LEGAL ENTERTAINER MAI CHEN ON RIGHT BRAIN SPORTS PSYCHOLOGY MIND SETS OF ECONOMIC INNOVATIVE GROWTH FOR KIWI WINNERS
Legal expert Mai Chen has been doing some way cool press lately as a writer and talk show talent in and around the law. Never boring, always entertaining, philisophically interesting and enlightening with empathy, Chen offers her latest thoughts to up New Zealand culture’s innovative hotness.
What did she say? Mai was really good on The Close Up show with broadcaster Mark Sainsbury yesterday.
In journalism guest commentary news, her latest article in the New Zealand Herald is titled: Olympic Effort for a Better Future. (Parts I particularly like in the bold font).
“The Olympic Games is the reason my family emigrated to New Zealand. My father had trained the Taiwan gymnastics team for both the Tokyo and the Mexico games and in 1971 he was headhunted to train the New Zealand gymnastics team. (Wow!)
As a result I grew up in a household where the wisdom of top athletes was seen as the key to success in all areas of life. I was reminded of this last year when, in the midst of my own marathon effort to write a book while running a law firm, Dad began coaching me with Olympic insights once again.
“The man who can drive himself further once the effort gets painful – will win,” said Roger Bannister. “Your heart must clear the bar first,” said world champion pole vaulter Sergey Bubka. “The subconscious mind cannot tell the difference between reality and imagination,” he reminded me, quoting Billy Mills, a rank outsider who blitzed the field to win the 10,000m in Tokyo.
The coaching helped me not to quit when working seven days a week for two years really got to me.
Just think about Oscar Pastorius, South African sprinter and a double amputee, who runs on artificial legs.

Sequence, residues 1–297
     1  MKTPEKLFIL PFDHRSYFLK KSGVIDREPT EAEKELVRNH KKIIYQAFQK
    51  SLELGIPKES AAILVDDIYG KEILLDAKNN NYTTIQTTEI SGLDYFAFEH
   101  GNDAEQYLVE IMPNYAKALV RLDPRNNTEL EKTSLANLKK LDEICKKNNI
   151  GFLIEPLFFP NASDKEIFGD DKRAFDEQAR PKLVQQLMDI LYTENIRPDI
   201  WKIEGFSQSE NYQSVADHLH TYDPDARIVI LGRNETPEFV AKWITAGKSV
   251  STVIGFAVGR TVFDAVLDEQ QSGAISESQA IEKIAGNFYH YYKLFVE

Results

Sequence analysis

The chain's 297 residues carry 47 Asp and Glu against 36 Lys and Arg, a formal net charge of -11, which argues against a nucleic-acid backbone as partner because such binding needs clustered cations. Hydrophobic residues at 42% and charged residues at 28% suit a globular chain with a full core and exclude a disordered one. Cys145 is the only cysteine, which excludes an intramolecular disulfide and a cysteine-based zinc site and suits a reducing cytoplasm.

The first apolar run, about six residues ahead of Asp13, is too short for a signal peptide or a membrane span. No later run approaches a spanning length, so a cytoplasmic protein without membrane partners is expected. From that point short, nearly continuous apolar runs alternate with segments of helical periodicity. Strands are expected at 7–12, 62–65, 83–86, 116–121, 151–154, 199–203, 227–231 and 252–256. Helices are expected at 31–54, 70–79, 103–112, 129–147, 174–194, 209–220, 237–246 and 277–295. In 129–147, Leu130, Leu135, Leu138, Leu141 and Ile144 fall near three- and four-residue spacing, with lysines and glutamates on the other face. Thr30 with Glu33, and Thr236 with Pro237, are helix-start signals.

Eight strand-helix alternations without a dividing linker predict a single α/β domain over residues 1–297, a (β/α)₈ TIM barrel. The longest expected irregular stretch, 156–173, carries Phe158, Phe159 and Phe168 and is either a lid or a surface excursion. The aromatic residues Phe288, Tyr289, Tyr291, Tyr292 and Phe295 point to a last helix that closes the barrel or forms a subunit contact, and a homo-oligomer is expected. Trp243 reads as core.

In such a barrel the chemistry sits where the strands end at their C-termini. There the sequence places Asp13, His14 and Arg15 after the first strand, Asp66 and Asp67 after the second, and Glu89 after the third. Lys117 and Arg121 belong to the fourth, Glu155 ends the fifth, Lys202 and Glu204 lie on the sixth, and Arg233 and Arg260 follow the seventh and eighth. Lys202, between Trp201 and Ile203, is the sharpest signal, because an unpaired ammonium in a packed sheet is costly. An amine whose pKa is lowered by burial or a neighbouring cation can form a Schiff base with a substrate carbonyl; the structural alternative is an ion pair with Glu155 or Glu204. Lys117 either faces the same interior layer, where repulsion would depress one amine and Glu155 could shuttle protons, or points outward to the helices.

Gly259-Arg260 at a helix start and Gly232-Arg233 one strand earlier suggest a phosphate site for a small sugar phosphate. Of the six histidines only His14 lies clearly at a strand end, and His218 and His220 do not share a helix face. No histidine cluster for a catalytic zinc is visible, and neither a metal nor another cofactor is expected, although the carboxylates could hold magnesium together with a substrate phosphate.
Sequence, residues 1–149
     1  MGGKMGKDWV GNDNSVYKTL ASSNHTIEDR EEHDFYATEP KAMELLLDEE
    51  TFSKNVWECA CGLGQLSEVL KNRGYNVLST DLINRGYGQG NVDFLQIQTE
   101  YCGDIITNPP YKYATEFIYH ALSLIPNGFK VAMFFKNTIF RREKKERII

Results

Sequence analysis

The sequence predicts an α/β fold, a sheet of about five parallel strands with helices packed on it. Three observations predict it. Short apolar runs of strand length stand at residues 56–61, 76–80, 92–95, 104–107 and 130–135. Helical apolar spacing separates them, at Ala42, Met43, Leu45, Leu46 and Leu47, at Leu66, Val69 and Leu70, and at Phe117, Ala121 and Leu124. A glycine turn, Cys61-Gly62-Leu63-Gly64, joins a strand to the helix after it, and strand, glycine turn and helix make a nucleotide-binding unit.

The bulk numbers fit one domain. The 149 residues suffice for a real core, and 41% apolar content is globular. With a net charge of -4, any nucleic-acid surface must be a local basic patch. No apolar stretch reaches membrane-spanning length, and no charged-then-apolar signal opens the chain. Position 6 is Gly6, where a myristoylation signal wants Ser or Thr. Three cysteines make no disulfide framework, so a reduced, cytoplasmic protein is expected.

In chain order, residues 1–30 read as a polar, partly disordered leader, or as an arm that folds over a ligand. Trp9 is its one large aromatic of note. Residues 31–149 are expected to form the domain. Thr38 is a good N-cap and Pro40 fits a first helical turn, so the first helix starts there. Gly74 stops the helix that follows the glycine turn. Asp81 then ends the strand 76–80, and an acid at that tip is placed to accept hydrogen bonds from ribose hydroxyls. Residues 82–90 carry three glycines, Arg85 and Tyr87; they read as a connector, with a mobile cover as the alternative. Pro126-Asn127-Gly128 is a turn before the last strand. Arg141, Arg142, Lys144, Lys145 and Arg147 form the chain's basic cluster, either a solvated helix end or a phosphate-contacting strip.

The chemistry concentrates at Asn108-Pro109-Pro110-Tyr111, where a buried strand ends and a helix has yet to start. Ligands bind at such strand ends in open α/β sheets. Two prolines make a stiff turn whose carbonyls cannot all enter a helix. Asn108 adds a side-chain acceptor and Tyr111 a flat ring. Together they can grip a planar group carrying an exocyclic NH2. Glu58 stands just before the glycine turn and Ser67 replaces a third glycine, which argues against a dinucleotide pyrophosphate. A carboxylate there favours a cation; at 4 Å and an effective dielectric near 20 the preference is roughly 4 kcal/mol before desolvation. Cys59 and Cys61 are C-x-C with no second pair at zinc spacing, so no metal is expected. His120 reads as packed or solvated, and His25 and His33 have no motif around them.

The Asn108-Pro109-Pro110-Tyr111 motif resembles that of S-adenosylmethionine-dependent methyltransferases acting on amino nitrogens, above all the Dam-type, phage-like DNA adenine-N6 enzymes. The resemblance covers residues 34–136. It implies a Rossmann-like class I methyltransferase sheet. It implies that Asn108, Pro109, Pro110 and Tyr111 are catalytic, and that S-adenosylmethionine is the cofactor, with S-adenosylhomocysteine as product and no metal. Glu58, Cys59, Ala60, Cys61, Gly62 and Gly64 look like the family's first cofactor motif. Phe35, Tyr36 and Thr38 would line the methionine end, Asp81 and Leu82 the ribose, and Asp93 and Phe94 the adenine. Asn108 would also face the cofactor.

[Makata Taka Hela aka Mr. Billy Mills - world champion Olympian 1964. Photo - Ray Wyatt.Net].
We need an [athletes] mindset to propel our export industries into a position of strength on world markets. And we need it to solve tough policy and law reform issues we face, like keeping superannuation affordable, addressing Maori claims to water, or structuring our domestic broadband market to enable Kiwis to compete abroad from here. (True dat. So could be improved by real broadband developers not media posturing posers!) (more…)
In New Zealand the National government has announced lower wage rates for youth than adults. Some see this as “pocket money” for teens to have a “go” in the workforce. For some kids in New Zealand, this is a good thing. Others see it, as “Oliver Twist” laws of gross inequality. The rich get cheap labour, of a nation’s child populations. Vampiring is a good word, that springs to mind if you see this as Oliver Twist news.
Sometimes, when I see that the rich have increased wealth by three-fold (the top 1%) in three years – that if youth, and all marginalized people protest here in New Zealand – we’d unite community and get a good community feel back. At the moment, we’re still acting civil, looking to leaders to do the right thing.
In the US today: Occupy Wall Street Beats Tea Party in Google Searches. Surprisingly, the state with the strongest interest in OWS wasn’t New York.
By Will Oremus| Posted Thursday, Oct. 27, 2011, at 4:12 PM ET
We already knew more Americans support the Occupy Wall Street protests than support the Tea Party movement. A new analysis by Google suggests people find it more interesting, too.
A post on Google’s Politics & Elections blog examines web search trends related to the two movements. Google’s analysts find that search interest for Occupy Wall Street surged ahead of that for the tea party as early as Sept. 24, before the protests had really spread nationwide.